Affymax CEO Discusses Omontys Recall


PALO ALTO, Calif.— Affymax CEO John Orwin spoke up February 25 regarding the voluntary recall of its FDA-approved anemia drug Omontys (peginesatide).

"We voluntarily recalled all lots of Omontys as a result of recent post-marketing reports of serious hypersensitivity reactions," Orwin said in the conference call. "This is a surprising turn of events given the collective positive feedback we have been receiving from customers using Omontys."

After a large number of patients received first doses of Omontys in mid-February, an immediate investigation began, and the U.S. Food and Drug Administration (FDA) was contacted due to serious safety reports that were coming to their attention.

"Ultimately, in collaboration with the FDA and Takeda, we decided to recall the product nationwide. The issue that arose was regarding serious hypersensitivity reactions including anaphylaxis, which have reported to be life-threatening or fatal following the first dose of Omontys," Orwin said.

Since the initial launch of the product in 2012, more than 25,000 patients have been treated with Omontys.

"To date, fatal reactions have been reported in approximately .02 percent of patients, following the first dose of intravenous (IV) administration," Orwin said. "The reported serious hypersensitivity reaction have occurred within 30 minutes after such administration of Omontys. Three cases of serious anaphylactic reaction associated with fatal outcomes were reported in February."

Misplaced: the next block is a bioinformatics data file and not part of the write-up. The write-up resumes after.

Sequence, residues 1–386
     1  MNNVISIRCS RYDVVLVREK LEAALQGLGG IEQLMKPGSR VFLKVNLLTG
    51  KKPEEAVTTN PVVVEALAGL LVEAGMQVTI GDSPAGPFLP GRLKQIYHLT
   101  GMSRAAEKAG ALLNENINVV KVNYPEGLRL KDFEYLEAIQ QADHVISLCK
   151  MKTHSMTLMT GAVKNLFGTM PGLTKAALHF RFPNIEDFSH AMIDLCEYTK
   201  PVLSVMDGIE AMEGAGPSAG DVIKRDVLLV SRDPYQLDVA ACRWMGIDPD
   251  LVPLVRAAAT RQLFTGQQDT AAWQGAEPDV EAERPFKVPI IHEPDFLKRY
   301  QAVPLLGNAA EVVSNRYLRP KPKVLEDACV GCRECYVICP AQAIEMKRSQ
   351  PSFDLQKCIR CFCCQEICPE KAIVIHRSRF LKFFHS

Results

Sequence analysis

Prior to February, two deaths were reported but were deemed to be "cardiovascular in nature."

"In these two cases, patients symptoms were not consistent with hypersensitivity reactions and in consultation with outside experts these events at the time were not considered likely to be results of drug-related hypersensitivity. These cases were reported to the Food and Drug Administration in accordance with regulations," Orwin said.

All cases are being considered during the recall and investigation. Orwin said that the cases that have occurred, occurred on a "first-dose phenomenon" and only with an IV administration of the drug.

"In the post -marketing setting, there have been no reports of such reactions following subsequent dosing in patients who have completed their dialysis session or in patients receiving the drugs subcutaneously—although the subcutaneous patient numbers are limited," Orwin said.

The case is being investigated and currently there is no timing on the next steps of the investigation.

"Our priority is to attempt to determine and appropriately address the root cause of the hypersensitivity reaction and work with the FDA to reintroduce the product to market," Orwin said.

Currently the company does not know what patients are highest risk but that will be one major focus of the investigation.

Customers can call 1-855-466-6689 for additional information.

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